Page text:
For 60 years, families have been coming out to Hansen Tree Farm in Ramsey to cut down their own Christmas trees.
Mary Griffin played with a lab called Caesar as tree farm co-owner Mark Hansen tied her newly cut Christmas tree to her car at Hansen Tree Farm in Ramsey. The farm is celebrating its 60th anniversary this holiday season, making it the oldest Christmas tree farm in the state.
Since he was a boy in the 1950s, David Hansen has watched several generations of trees come and go at the Hansen Tree Farm in Ramsey.
"A lot of people don't think a forest changes," but after working in the fields, harvesting Christmas trees and replacing them, he said, "you see how quickly it does."
The older he gets, the more the cycle seems to speed up.
This year, the family-owned farm turned 60. It's one of the oldest Christmas tree farms in the state.
As a testimony to the different eras at the farm, 50-foot pines dating back to the original planting dwarf newer pines, firs and spruces.
David Hansen's parents, Henry and Charlotte Hansen, along with his grandfather Harry Lindquist, started the 40-acre farm in 1952, the same year he was born. Charlotte is now 98.
Henry, who was a forestry professor, drew inspiration from the tree plantations he'd seen in Europe and in the Eastern United States. Before that, Christmas trees came from the wild, David Hansen explained.
In the beginning, the farm sold trees to florists and local tree stands, but it wasn't long before the "cut-your-own-tree" trend came along.
When he was old enough to help, David Hansen greeted customers, passed out saws and collected cash from the sale of trees, which went for $3 in those days.
Mark Hansen also pitched in, while their older brother Trygg Hansen sheared or shaped the trees.
Back then, it was a barebones operation, with no barn or power tools. They worked out of the family car.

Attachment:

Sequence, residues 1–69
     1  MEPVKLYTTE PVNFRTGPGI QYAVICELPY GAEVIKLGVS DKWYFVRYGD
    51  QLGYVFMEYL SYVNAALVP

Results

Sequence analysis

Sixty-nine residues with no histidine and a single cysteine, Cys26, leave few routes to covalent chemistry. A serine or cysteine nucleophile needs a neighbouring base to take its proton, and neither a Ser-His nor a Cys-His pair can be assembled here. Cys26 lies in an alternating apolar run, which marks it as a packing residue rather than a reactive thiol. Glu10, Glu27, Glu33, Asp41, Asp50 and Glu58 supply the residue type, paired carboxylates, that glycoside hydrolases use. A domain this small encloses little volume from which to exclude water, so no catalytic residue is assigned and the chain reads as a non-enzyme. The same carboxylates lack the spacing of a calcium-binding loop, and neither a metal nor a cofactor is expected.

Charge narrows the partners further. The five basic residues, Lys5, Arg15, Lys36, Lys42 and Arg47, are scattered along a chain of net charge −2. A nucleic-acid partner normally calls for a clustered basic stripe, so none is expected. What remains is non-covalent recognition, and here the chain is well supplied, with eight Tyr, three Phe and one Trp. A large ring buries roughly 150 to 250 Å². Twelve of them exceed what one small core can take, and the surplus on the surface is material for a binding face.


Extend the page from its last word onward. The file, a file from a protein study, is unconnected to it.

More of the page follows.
When David Hansen took in cash, he stashed the money in the car. "I remember my mom telling me to make sure nobody can steal it, and to put some of it under the seat," he said.
Extra source of income
Their parents hoped the hobby farm would someday pay for college for their three sons. They hadn't anticipated that their grandchildren would also reap the benefits from the farm.
David and Mark Hansen took over the farm in 1982, after taking a break from the business in the 1970s. By then, Trygg lived too far away to pitch in, David Hansen said.
Collectively, the Hansens' children, other relatives and neighbors helped them pick up where they left off.
In recent years, an irrigation system has been their saving grace amid drought. His mom loaned them the money to install it.
But the farm, which isn't exactly a cash cow, is much more than an extra source of income.
After a half-hour drive from his home in St. Paul, "All of a sudden, you're out of the city. It's like being at the cabin up north," with eagles, turtles, deer and more, he said. "It doesn't matter what you left behind -- the computer, Internet, bills -- it's great."
A family-oriented farm
Mark's son, Kip, has done everything from planting trees to cooking a recipe his great-grandfather Harry made for guests.
He says the training and memories are priceless. "It has taught me about business and life," Kip Hansen said, adding that he appreciates "how family-oriented we are as a farm."
Part of the fun is seeing the customers stop in year after year -- including several generations within some families.
Also, he never tires of Christmas trees. When he was young, he even had small trees set up in his bedroom, he said, adding that he prefers the un-sheared "natural" trees that thrive under the older trees.
Hanover resident Glen Albert, who started coming to the farm with his wife, Sandy, a dozen years ago, said the Hansens keep them coming back through "a smile" and "a sense of belonging," he said.
The farm experience goes way beyond just getting a tree. "It's the start to our celebration of Christmas," Albert said, adding that it also coincides with their wedding anniversary. "We look forward to it every year."
Photos from their trips to the farm are displayed in their "Christmas room," or the decked-out spare bedroom.
After the holiday season, they prop up the tree outside with lights. It stays up all winter and then becomes firewood. "It warms us all spring and fall," he said.
Anna Pratt is a Twin Cities freelancer.